Welcome to room 11, my name is Stacey Burt and I am a math and science teacher enjoying my 14th year in the classroom.  After spending a decade working with 5th graders, I made the leap up to grade 6 and have adored every moment of it.  My educational background includes an undergraduate degree in elementary education and a graduate degree in special education with a concentration in gifted and talented education. Currently, I am a doctoral student researching self-efficacy as it pertains to mathematically precocious females in middle grades.



    Originally from Navarre, Florida, my husband’s job required that we relocate to the very scenic and historic city of Murfreesboro, Tennessee about four years ago. Currently, I am teaching 5th and 6th grade math and science at The Discovery School.  We are a choice school that serves gifted and high-achieving students from all parts of our school district and the surrounding counties. Technology plays a vital role for students at our school, as grades 4 through 6 are issued MacBooks to use in and out of the classroom each academic year. The framework for our school is based on the Schoolwide Enrichment Model (SEM) created by Dr. Joseph Renzulli.  Compacting and accelerating student curriculum is implemented and students in all grades participate in enrichment clusters once a week for two hours, investigating topics beyond the regular curriculum and based on student interest.

    I believe that the educational journey is one that the teacher and student should take together.  Each year I am amazed at the quantity of information I am required to teach my students; however, I am even more in awe of how much my students actually teach me. I want the students who enter my classroom to feel safe and willing to take risks, make mistakes, giggle, and most importantly, become the primary stakeholders in their educational story.

    My classroom is organized to encourage creative thinking, independent problem-solving, and open-ended discussions. From the “alternative seating” (yoga balls) to the student-created tessellations colored on the ceiling tiles to the insane amount of indirect lighting, students and visitors soon realize the atmosphere was created with comfort and accessibility in mind. There is access to books (all genres), hands-on kits, science materials, and a fair amount of technology (hand held GPS’s and Vernier probe ware), all of which have been placed in our classroom for student use at school or at home.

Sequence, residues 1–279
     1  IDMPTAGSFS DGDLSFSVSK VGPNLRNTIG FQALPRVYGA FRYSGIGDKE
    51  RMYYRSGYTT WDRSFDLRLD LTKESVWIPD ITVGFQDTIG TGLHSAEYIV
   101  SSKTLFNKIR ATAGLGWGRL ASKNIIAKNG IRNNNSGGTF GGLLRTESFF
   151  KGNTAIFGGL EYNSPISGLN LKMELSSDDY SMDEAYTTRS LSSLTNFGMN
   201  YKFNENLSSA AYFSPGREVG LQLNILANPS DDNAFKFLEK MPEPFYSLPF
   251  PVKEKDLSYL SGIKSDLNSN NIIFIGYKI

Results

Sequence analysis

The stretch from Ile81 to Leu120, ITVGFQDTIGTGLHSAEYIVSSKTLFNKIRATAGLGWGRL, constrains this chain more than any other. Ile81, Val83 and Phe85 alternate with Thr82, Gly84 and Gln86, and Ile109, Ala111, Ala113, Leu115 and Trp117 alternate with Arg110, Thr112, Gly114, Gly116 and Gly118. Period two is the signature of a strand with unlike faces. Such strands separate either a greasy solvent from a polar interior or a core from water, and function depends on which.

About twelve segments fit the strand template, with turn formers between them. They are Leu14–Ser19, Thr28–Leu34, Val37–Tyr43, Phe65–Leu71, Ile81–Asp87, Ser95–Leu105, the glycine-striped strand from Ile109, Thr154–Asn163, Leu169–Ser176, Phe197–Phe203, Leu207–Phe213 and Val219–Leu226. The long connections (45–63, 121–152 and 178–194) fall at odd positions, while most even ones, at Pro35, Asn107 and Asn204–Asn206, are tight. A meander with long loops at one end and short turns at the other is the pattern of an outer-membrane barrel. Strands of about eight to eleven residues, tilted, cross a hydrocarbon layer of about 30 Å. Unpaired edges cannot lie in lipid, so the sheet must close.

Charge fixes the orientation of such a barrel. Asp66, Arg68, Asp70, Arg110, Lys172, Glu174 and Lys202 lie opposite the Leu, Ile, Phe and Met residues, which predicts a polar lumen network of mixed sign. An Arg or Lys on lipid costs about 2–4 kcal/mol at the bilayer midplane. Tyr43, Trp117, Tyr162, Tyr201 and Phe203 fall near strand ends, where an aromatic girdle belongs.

Teaching is my passion and over the course of my time in the classroom I have found that I am constantly reminding myself of two things:

    Make it relevant.  What I am teaching has got to have some relationship to the student.  It has to matter to them in a way that comprehension comes naturally. I have found that applying content to real world examples makes skills and topics relevant and mastery a “no brainer” for the students. Quite simply, students have to find a practical use for the knowledge we are imparting to them in order for it to become “sticky.”

    Make it count and make the connection.  Connecting with students is essential. Knowing them on a personal level allows a different layer of dialogue to take place. If the connection is earnest, educators can teach their students anything. On my desk sits a tiny little block with the saying, “Today is not a dress rehearsal.” Oh, how true that statement is. I try to be mindful of that quote every time I plan a lesson, or every time I feel exhaustion setting in. Each day, as educators, we have an opportunity to make a difference, to teach something in a way that might change someone’s path. When it is all said and done, at the end of the year my students will leave with numerous experiences; building tetrahedron kites, catapult construction, cow eye dissections, solar ovens, the mathematics of bubbles and polymers, robotic challenges and polygons on the hall walls; however, if they leave with a new appreciation for math and science then I know I have done my job. I feel I owe it to my students to give them all I have every day, every lesson.  I not only have a responsibility to teach curriculum, but I have to make it count, all of it.
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Susan Cheyney